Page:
Issues have yet to slow down this year. Beginning 2014 with a tour, debut album, and more tours, and ending with their very first US headliner, they are surely on a roll. They continue this incredible rigor with their acoustic EP, Diamond Dreams, reaching out their sound to wider audiences and genres. It’s a smart move for such a rapidly growing group. Issues don’t just put their hits to a guitar, however. Although some tracks don’t have as much power as others, they reimagine and recreate some of the band’s most defining moments and incorporate them into the chilling realm of R&B and lighthearted musical passion.
Like any acoustic album, Issues fans get to see their favorite songs in a whole new light. They hear lyrics with fresh perspectives and pull raw emotion from each track like never before. Of course, the meaning and emotions behind a song is there from day one, but Diamond Dreams uses its magical qualities to open the eyes of listeners in dramatic ways. The anthemic “Hooligans” opens the EP, giving its slow, stripped down control a chance for listeners to really take in the emotions of an outsider and hone them in with their own experiences. When the song ends, you don’t feel so alone anymore. “Never Lose Your Flames” is a more simplistic approach to an acoustic track, but collaborating with pop punk outfit Neck Deep adds a fun touch and broader sound.
The twinkling style of “King of Amarillo” is full of hooks and a lovely melody, but vocalist Tyler Carter turns things completely around by changing the lyrics of the song from spiteful to ambivalent about the music industry. The softening of these words definitely goes hand-in-hand with the lighter tone of the instrumentation as well. Even when they team up with Nylo again for the stripped version of “Tears on the Runway, Pt. 2” her dominant vocals and the chilling piano create one of my favorite tracks on the EP. This track can especially attract a lot of attention from all types of music lovers, giving Issues a chance to really make an impression in the mainstream music scene.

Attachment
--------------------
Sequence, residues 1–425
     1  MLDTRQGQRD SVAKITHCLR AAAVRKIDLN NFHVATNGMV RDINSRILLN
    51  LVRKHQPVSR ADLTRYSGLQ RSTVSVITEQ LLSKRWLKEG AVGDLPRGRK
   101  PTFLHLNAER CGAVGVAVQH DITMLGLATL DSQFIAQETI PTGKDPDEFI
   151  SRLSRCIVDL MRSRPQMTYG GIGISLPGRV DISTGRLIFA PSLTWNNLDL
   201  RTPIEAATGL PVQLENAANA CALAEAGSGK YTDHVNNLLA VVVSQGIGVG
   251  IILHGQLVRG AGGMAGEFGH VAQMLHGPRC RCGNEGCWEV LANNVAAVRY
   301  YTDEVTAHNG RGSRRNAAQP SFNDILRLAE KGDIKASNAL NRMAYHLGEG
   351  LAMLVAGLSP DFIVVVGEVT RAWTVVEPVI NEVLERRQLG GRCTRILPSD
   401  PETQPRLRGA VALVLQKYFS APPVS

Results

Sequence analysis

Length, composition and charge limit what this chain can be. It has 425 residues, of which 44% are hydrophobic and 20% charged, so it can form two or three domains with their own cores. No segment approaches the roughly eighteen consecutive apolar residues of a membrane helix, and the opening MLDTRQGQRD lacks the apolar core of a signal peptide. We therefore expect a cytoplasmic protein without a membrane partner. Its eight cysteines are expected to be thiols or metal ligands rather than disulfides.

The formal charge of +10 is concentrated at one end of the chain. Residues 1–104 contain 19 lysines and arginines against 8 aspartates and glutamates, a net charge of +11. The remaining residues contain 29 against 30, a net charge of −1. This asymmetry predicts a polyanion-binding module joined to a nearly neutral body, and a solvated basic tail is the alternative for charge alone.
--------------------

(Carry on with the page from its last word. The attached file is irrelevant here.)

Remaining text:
As fulfilling as these standout tracks are, some that are meshed in between don’t hold the same incredible power, making it hard for them to live up to the EP’s highlights. There is a consistency of catchiness and enjoyment with each track on Diamond Dreams, but after knowing what Issues are capable of, it’s something listeners want to hear 24/7. Some tracks just aren’t meant to be stripped down, and “Princeton Ave” is one of them. They make a strong effort to give it a smoother sound, but it doesn’t seem to match the power of the original, or the other acoustic variations on Diamond Dreams.
The same idea goes for “The Worst of Them”, which is concerning, considering it is the closing track on the EP. This spot should have gone to “Disappear”, the most emotional song surrounding loss on Issues’ discography. Their stripped rendition of this track is raw and heartfelt, exposing moments of Carter clearly choking up in the studio. This reinvented version of the heart-wrenching track is even more amplified with moody ambience and deep guitar riffs. This would have been the perfect finale, just like it was on their self-titled album.
Nevertheless, Issues have done quite the job of giving their strong music even more significance and universal enjoyment. Diamond Dreams keeps the old fans coming back and sparks the interest of more to come. After establishing and growing from their successes this year, one can only imagine how they will rock the music scene in 2015.